How does A Brave New World by Aldous Huxley connect to modern life psychologically?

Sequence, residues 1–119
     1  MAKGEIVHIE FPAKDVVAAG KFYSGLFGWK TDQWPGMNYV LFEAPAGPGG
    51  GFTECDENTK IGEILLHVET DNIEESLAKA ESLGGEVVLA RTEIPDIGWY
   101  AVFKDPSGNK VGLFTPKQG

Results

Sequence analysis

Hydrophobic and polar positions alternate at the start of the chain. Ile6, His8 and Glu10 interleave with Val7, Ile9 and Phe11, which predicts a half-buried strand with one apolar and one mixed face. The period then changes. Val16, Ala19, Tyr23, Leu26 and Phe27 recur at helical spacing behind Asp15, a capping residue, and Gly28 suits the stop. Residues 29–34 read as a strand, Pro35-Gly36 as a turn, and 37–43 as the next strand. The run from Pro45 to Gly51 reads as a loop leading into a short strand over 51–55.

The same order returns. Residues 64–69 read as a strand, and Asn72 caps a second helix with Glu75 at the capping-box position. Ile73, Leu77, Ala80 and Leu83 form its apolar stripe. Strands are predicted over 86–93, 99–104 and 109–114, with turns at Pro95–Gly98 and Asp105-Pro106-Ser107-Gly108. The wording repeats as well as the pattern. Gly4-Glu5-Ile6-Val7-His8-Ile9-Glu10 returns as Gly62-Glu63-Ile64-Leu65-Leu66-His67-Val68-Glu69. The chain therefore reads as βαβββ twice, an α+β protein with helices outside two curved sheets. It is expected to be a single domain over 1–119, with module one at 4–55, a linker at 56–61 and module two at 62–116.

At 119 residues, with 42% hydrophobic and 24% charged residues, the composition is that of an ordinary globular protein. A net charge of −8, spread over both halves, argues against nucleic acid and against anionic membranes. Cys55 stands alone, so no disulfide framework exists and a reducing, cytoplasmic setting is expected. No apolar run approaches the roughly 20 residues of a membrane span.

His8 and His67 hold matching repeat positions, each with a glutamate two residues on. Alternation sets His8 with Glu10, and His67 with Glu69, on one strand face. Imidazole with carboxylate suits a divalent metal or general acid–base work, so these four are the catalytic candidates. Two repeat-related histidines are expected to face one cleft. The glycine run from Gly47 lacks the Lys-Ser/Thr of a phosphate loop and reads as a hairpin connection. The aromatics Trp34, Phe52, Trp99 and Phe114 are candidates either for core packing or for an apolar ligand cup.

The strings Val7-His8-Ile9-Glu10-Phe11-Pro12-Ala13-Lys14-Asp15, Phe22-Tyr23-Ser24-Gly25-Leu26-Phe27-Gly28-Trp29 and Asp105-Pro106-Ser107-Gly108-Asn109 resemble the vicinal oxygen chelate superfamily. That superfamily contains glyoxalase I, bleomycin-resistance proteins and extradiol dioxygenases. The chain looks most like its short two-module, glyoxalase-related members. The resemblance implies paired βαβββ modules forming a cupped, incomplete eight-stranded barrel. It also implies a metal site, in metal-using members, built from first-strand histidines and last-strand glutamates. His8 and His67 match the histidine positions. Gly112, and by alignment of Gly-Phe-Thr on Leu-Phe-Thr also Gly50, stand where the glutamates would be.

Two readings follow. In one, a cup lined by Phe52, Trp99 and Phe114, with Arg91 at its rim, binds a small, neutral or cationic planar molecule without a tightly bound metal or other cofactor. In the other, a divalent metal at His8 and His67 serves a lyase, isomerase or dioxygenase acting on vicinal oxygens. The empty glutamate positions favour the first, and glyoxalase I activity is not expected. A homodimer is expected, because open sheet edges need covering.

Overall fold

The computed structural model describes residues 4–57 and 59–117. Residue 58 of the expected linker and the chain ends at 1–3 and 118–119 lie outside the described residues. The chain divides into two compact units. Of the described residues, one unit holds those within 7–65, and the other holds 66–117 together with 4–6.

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A Brave New World critiques the psychological implications of modern society's reliance on technology. In the World State, human truths, such as love and friendship, are repressed because individuality is not valued by the state. In fact, individuality is not only undervalued, it is almost completely eradicated as a form of social control. This social control is maintained through state-controlled technology, such as the "feelies," a meaningless form of entertainment meant to distract the citizens of the World State, and "soma," a drug which induces a state of oblivious contentment. From a psychological perspective, Huxley is critiquing the superficiality of consumerist culture. In a society where production and consumption are valued more than "human truths," humans are psychologically degraded to the commodities which they consume. Huxley is advancing the notion that this degradation results in a society of mindless, soulless, and purposeless individuals with no real psychologies at all, and the character John represents an attempt to regain human psychology, as represented through his discovery of the works of Shakespeare. 

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